teaching teens money management does charging them board do that?

Teaching teens money management: does charging them board do that?

Whilst having dinner with friends recently, the topic of “charging your kids board” came up and it seems everyone has differing points of view on this.

The ‘anti-boarders’

One couple argued that they felt their kids would have time enough to pay their way once they moved out, and as long as they covered their other expenses like car and phone bills, lodgings and food would be free.

The ‘pro-boarders’

On the other hand, myself and others in the group felt it was just a “rite of passage” to becoming a grown up. It never hurt us when our parents charged board and so it was something we were passing on to our kids.

Is it just an outdated tradition?

While the discussion of pro and anti-boarding was going around the table, it did get me thinking – is it still relevant today or is it just an idea being passed down from one generation to another that bears no real financial learnings?

When our daughter commenced full-time work and the conversation was raised in our household about paying board, she argued the point of “why?”– what was different from when she was in school to now? Her thought was, nothing had changed at home and I can see where her argument was coming from; we provided a roof over her head and food on the table yesterday and we would still provide these things to her tomorrow, so why should she suddenly be paying for it?

So whilst it was a reality check for her, she acknowledged that it would be the cheapest “rent” she would ever have to pay. Where else would she get food, lodgings, free WiFi and Netflix for the small contribution we were expecting?

To us, it wasn’t about the $3,900 per year she would contribute towards the grocery bills or electricity bills. It was about teaching her a sense of responsibility and learning to budget in preparation for much bigger financial commitments ahead.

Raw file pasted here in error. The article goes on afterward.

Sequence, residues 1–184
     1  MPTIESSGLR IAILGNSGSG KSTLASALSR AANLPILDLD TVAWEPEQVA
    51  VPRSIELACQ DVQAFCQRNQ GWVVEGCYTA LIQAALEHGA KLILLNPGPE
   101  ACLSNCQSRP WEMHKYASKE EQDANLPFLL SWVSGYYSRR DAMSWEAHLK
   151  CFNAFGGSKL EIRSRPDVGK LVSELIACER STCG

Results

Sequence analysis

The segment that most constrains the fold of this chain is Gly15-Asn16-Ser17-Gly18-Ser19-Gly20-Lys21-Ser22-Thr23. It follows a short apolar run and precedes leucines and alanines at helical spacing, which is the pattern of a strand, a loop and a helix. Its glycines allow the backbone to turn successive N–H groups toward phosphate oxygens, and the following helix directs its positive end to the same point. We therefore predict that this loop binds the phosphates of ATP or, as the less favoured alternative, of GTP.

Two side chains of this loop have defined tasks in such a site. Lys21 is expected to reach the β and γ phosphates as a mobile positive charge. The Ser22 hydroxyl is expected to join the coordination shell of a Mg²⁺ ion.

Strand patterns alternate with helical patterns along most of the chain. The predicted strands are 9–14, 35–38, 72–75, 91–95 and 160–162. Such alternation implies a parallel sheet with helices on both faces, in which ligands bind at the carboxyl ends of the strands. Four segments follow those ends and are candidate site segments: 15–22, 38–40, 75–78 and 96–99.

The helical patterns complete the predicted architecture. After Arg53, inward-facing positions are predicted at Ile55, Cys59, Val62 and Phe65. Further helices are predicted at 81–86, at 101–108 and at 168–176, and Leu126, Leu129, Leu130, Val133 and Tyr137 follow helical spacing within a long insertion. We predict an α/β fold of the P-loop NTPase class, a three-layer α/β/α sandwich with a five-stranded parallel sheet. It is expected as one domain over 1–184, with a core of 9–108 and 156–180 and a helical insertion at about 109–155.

So much of what I’m surrounded by here at Quill, is financial planning and our advisers working with people to save for their first home, new car or simply managing their finances better. It’s not uncommon to see people stretching themselves and living outside of their means.

Australians in debt

An article I read recently about the amount of debt Australians live with, explained that we have the fifth highest debt levels in the world. Since 1988, the ratio of household debt to disposable income has blown out from 65% to 185%. This article discussed the various contributing factors and suggested that people need to rethink the way they manage their everyday finances and day-to-day cash flow.

As an adult, you have access to financial planners to help you create plans to manage your financial future. As a parent, I think you can start helping your kids learn about cash flow and managing their money before they reach that time. Whether it’s through paying board, or not, or even pocket money, maybe these are the little steps you can take to get them thinking about these kinds of things.

I would love to know your thoughts, did you pay board as a teenager, and do you think it helped prepare you better for the real world?

 

Leave a Reply

Your email address will not be published. Required fields are marked *